Allegations of fraud, sleaze a turnoff to voters

Robocall - élection fédérale du 2 mai 2011 volée

Prime Minister Stephen Harper parried allegations from the opposition during Question Period on Tuesday.

Tim Harper - OTTAWA—Pierre Poutine from Separatist Street?
Why not toss a disposable cellphone registered to this fictional character into the toxic mess playing into the nation’s capital?
It played perfectly into the tenor of debate over the past couple of days, climaxed by a Tuesday Question Period dust-up over alleged election fraud in which Prime Minister Stephen Harper merely parried allegations of sleaze from the opposition benches by tossing their sleaze back at them.
It’s quite an appealing picture — previously anonymous Twitter details of a cabinet minister’s divorce, robo-calls by the NDP aimed at an MP who defected to the Liberals and sanctimonious stonewalling on the government side.
There may have been orchestrated vote suppression last spring, but there’s a lot of vote suppression going on here every day.
This country already has a problem with voter engagement, fuelled by an overriding view among many Canadians that their votes don’t count, that all politicians are the same, that they all play dirty.
They see broken promises, juvenile name-calling in the House of Commons and hyper partisanship trumping reasoned debate and hit the remote.
Three things have to happen, and happen quickly, before we all must gird ourselves for an even more disengaged electorate and a voter turnout in 2015 that could convulse the nation.
First, Canadians have to get angry.
When the Conservatives twice shut down this place there were sporadic protests and rallies packed with opposition operatives, but most Canadians couldn’t spell prorogue, let alone care about the ramifications.
When they were found to have violated Elections Canada spending rules in the so-called “in-and-out” case, Canadians not only yawned, they couldn’t understand the accounting skullduggery.
When they were found in contempt of Parliament, Conservative strategists boldly stated that a breach of an arcane rule would make no difference to voters, and they were right.
When they booted unfriendlies from their campaign rallies, limited journalists to a set number of questions and used supporters to boo the questions they didn’t like, the nation shrugged.
But, if there was a concerted effort to disenfranchise voters, this country can no longer shrug, or it deserves what it gets.
For a little inspiration, look to the women of the Responsive Marketing Group call centre in Thunder Bay whose stories were told by the Star’s Tonda MacCharles.
They have no dog in this fight, no political agenda, but they had a conscience and they felt they were doing something wrong, sending voters to the wrong polling stations on election day.
They went to the RCMP and Elections Canada and were largely met with indifference.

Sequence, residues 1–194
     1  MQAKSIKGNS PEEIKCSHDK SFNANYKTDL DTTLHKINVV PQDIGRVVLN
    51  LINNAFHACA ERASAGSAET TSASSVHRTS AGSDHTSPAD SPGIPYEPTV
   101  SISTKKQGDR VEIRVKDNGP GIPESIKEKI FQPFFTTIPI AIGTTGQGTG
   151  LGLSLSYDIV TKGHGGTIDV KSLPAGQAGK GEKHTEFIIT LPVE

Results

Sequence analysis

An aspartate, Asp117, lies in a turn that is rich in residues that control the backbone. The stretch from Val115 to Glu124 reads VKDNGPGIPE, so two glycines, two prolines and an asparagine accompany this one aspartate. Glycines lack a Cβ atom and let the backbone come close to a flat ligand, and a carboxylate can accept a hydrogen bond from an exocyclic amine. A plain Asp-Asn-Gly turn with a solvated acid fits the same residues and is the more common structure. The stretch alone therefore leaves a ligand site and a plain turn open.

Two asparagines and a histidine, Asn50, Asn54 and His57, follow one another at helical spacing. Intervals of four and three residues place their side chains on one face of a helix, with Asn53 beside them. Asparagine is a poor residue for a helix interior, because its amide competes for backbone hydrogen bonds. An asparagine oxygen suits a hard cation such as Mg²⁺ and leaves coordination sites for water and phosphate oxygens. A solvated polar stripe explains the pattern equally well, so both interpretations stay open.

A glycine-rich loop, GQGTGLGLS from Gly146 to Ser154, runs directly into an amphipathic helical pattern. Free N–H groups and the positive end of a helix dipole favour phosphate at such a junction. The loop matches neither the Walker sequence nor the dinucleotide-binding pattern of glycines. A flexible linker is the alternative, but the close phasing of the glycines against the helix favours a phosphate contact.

That shows why the second thing that must happen is the establishment of an independent, transparent inquiry to disentangle the various tentacles of this story.
If there is culpability, there must be accountability.
The Conservatives claim they were only targeting their own voters with their robo-calls and scripted calls.
They point out that 127 polling locations were changed by Elections Canada in the days before the May 2 vote.
“We have done absolutely nothing wrong,” said Dean Del Mastro, Stephen Harper’s parliamentary secretary, a blanket denial that screams out to be tested.
There are too many questions to limit this to a riding in Guelph or a call centre in Thunder Bay or a robo-call centre in Edmonton.
To dismiss these allegations as “shenanigans,” as one Conservative did in a conversation with The Globe and Mail, is to insult the Canadian voter.
Tuesday, Harper predictably turned the tables on Bob Rae, taunting him on the Vikileaks firing each time the interim Liberal leader raised the election fraud allegations.
The fact that he had the Vikileaks ammunition should serve as a wakeup call for anyone armed with social media, a robo-caller or a sympathetic journalistic ear and a score to settle.
That’s the third imperative — this type politics of personal destruction has to end.
If the high road is too high to be scaled, maybe it is best to appeal to the more base partisan instincts at play.
The old adage holds true — you play in the mud, you (and your party) gets dirty.
If Canadians don’t get angry, demand an independent probe and an end to the sleaze in this town, we’ll all be looking back at the 61.1 per cent voter turnout of 2011 as the golden age of Canadian democracy.
Tim Harper is a national affairs writer. His column appears Monday, Wednesday and Friday.

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